Fish in danger

Enemy no. 1: the human being

Despite what the film ‘Jaws’ may let you believe, only thirty people are killed by sharks every year. Although those are still thirty lives, one should pay attention to the number of sharks killed every year - approximately 700,000 tonnes worth. Many different types of sharks, including the large white shark, are greatly overfished. Sharks are particularly vulnerable to overfishing, because it takes them many years before they are able to propagate. As a result, there is a great chance that they are caught before propagating. This is not only bad for the present number of sharks, but also for the sharks in the future.


Different types of wild fish are also fished too heavily. Every species of fish needs a minimum number to be able to maintain the population. When too many fish are caught, the population decreases, and in the long term, fishery will decrease as well. Also, if fishermen do not pay close enough attention to the reproductive capacity of the fish, they cause themselves problems in the long term. The question was raised whether human beings are capable of handling the natural marine sources. Decades will pass before fish populations will be back to their original levels. Primarily fish that cross national borders, such as some types of tuna, are hard to control, because they are under authority of more than one country. Even the Pacific sardine and the Peruvian anchovies, which were once in large numbers and thought to be immune to overfishing, have decreased drastically. Fishers can take the negative consequences of overfishing into account, by planning the open season accurately. Fishing before or during the mating season is not a good idea. It may also be helpful to temporarily not fish the most vulnerable types of fish.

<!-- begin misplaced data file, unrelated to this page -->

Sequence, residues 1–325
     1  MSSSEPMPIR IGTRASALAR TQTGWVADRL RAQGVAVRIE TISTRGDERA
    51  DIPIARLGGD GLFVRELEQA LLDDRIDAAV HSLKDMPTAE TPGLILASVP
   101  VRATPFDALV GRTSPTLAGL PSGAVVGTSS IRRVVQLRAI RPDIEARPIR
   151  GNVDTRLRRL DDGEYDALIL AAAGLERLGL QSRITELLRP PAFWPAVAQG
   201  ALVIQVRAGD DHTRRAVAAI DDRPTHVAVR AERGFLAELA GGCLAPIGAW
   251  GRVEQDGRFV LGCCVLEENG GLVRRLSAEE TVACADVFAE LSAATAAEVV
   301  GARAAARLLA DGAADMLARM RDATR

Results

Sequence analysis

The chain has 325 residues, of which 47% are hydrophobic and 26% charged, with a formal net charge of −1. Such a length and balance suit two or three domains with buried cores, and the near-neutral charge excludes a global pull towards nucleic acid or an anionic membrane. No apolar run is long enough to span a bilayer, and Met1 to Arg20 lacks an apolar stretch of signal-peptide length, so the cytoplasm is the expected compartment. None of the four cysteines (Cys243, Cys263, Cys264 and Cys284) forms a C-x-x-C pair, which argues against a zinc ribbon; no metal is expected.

Freshwater fish

The most threatened types of fish are freshwater fish. They live in rivers and lakes in areas with large environmental problems, caused by the presence of heavy industry for instance. Many special freshwater fish are found in waters with small areas, because their natural boundaries do not allow them to swim away. For example, after the closure of the Haringvliet, many salt-water fish could not go anywhere. It is easier for salt-water fish which live in seas or oceans to find another living area. Because certain types of freshwater fish often live at one place and are unable to leave, water pollution usually has an enormous impact on the fish stock. If no preventive measures are taken now, pollution will continue to rise because of the increasing world population.